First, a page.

So let's review the results of those deeds. So far this year, Overstock has burned through $62 million, and that's looking only at cash used by operating activities. Toss in capital expenditures and the Ski West acquisition, and you're looking at a total cash chug of $123 million. Last year, the company had guzzled only $18 million via operations and capital expenditures. That leaves Overstock with $77 million in cash and marketable securities, versus $290 million at the beginning of the year. In that same spread, inventories have more than doubled to $90 million, and shopper acquisition costs continue to climb. How much more do you need?

This kind of accelerating failure, of course, goes a long way toward explaining exactly why Byrne is really so angry at those short sellers -- naked, allegedly naked, crooked, straight, or otherwise. If things continue like this -- and I see no reason to believe they won't -- Overstock will need to issue debt and/or equity to keep running. (Remember, Overstock did it in last year's Q4, to the tune of $190 million.) The trouble is, that's not such a slam dunk when your stock is in the dumper.

So investors have a choice here: Invest in personality, or results. Most already seem to have made up their minds. I suggest to the few who haven't paid more attention to the numbers than to the lawsuits, Sith-Lord hunts, and clever Japanese apologies: All the Gomennasai in the world won't put sushi on your table.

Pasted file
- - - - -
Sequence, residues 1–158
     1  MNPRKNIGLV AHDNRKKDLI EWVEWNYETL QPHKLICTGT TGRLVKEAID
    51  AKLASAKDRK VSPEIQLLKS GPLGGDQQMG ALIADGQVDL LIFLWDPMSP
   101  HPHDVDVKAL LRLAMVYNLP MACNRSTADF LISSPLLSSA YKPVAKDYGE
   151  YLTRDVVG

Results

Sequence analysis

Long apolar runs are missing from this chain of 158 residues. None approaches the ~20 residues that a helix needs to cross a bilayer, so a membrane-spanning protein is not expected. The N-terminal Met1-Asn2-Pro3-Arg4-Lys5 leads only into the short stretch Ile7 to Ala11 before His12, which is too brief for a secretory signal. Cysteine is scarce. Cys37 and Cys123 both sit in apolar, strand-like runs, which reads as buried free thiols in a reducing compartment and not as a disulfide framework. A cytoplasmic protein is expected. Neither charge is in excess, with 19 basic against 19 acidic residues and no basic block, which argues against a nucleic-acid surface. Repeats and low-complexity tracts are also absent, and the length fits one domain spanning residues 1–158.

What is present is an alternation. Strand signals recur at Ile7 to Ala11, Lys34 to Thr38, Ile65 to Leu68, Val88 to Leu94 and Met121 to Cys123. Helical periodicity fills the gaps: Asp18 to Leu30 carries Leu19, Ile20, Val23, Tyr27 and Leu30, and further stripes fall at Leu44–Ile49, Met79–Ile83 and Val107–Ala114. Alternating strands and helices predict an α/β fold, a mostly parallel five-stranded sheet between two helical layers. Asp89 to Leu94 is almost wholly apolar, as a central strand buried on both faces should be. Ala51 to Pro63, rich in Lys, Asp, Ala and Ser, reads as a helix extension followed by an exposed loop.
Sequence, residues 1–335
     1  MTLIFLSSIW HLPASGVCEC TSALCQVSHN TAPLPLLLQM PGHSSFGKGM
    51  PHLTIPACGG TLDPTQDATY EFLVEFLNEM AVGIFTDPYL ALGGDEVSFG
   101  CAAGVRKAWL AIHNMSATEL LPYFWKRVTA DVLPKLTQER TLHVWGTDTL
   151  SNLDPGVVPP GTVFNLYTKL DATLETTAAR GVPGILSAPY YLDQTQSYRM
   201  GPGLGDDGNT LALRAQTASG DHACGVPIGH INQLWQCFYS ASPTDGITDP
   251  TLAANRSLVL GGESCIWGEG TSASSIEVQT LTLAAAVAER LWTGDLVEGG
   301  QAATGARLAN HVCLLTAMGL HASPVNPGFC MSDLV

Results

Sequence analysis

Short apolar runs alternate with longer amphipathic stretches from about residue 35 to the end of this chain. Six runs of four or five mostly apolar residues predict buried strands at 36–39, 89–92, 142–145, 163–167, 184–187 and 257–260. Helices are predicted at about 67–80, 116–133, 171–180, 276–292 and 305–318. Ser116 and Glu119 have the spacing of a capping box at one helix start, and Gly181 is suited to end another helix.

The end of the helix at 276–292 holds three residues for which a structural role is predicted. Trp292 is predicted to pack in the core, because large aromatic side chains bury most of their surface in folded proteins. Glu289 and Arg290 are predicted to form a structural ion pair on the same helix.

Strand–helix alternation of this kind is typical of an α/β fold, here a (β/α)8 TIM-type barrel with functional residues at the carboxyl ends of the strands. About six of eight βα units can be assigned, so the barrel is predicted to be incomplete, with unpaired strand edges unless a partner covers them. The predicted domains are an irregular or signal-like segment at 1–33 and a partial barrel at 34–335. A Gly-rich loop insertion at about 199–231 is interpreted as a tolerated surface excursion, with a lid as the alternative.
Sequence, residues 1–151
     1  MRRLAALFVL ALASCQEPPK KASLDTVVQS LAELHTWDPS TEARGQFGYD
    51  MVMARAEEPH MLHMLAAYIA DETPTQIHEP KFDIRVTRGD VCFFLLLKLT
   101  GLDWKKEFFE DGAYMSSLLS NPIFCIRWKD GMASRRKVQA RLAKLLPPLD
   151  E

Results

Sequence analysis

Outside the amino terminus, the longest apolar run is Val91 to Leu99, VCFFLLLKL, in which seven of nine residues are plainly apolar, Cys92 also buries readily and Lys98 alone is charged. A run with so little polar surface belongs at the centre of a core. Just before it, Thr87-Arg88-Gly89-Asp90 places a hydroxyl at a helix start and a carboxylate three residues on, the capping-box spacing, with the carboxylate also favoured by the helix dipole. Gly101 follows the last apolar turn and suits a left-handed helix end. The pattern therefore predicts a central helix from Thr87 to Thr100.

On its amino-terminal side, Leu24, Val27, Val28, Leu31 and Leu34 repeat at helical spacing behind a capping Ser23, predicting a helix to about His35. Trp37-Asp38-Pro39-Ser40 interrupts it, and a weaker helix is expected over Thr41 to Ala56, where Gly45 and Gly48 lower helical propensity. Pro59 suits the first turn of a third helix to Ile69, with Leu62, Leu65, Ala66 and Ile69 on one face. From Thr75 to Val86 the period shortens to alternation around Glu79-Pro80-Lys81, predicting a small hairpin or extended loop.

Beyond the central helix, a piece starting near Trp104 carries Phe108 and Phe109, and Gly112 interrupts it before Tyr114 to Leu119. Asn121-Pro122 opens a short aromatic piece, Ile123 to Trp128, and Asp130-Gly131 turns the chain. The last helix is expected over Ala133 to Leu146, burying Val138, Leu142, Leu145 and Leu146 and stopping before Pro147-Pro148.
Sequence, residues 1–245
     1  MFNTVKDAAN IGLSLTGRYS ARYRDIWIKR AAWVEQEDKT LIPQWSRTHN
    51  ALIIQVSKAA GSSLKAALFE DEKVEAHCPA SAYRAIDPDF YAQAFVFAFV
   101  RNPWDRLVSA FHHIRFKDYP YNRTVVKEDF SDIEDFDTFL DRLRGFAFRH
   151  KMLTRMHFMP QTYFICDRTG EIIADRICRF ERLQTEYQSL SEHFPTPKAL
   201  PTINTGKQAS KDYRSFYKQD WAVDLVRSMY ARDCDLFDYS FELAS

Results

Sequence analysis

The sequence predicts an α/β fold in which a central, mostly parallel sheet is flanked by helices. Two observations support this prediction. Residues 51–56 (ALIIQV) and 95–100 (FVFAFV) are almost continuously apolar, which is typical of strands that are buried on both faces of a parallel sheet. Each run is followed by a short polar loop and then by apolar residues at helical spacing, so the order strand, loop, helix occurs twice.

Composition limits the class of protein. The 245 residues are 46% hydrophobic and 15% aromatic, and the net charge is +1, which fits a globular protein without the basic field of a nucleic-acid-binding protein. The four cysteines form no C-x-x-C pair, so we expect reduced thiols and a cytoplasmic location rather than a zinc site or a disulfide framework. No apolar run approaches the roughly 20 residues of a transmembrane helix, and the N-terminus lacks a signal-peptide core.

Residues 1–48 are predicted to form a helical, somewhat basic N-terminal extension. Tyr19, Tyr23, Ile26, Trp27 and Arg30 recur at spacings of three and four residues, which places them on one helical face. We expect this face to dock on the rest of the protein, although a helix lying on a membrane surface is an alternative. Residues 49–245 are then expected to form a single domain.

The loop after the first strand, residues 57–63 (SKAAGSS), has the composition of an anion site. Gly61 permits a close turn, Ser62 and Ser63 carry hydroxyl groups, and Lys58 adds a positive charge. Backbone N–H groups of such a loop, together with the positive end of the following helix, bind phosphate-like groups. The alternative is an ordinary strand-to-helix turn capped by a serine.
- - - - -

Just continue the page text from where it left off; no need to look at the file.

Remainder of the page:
Make his day
Last week, employees at former auto-industry heavyweight Delphi woke to a rather unpleasant surprise: Nine bucks an hour. That's what the bankrupt parts maker is bringing to the table as a wage offer. But rest easy -- that's just a starting salary. The company offered $10.50 for current workers, and skilled labor will see wages drop by only about 50%.

Let's be honest: With former sugar-daddy GM (NYSE:GM) on the ropes itself, times are desperate for Delphi. Industry analysts see the offer as only an opening salvo. The head of the U.S. auto union called it an attempt to import Third World wages into the U.S. I think he's got it backwards. I bet it's the first step in exporting Delphi to the Third World for good.

Think about it. The Costco (NYSE:COST) around the corner is paying $10 an hour. I think Delphi is just prepping to spook out as many workers as it can, force a strike, call it quits, and ship everything overseas. What would you do if you were saddled with running a money-losing business supplying parts to other money-losing businesses?

If you were "Dirty Harry in the executive suite," as my colleague Bill Mann described Delphi chief Steve Miller, you might just tell potential strikers, as Miller told the Detroit Free Press, "Any plant that wants to be at the top of our plant closure list should engage in industrial action as a way of sending that message."

Those sound like fighting words to me.

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Best Buy and Costco are Motley Fool Stock Advisor recommendations. Overstock is a Motley Fool Rule Breakers pick.

At the time of publication, Seth Jayson had no positions in any company mentioned here. View his stock holdings and Fool profile here. Overstock is a Motley Fool Rule Breakers selection. Fool rules are here.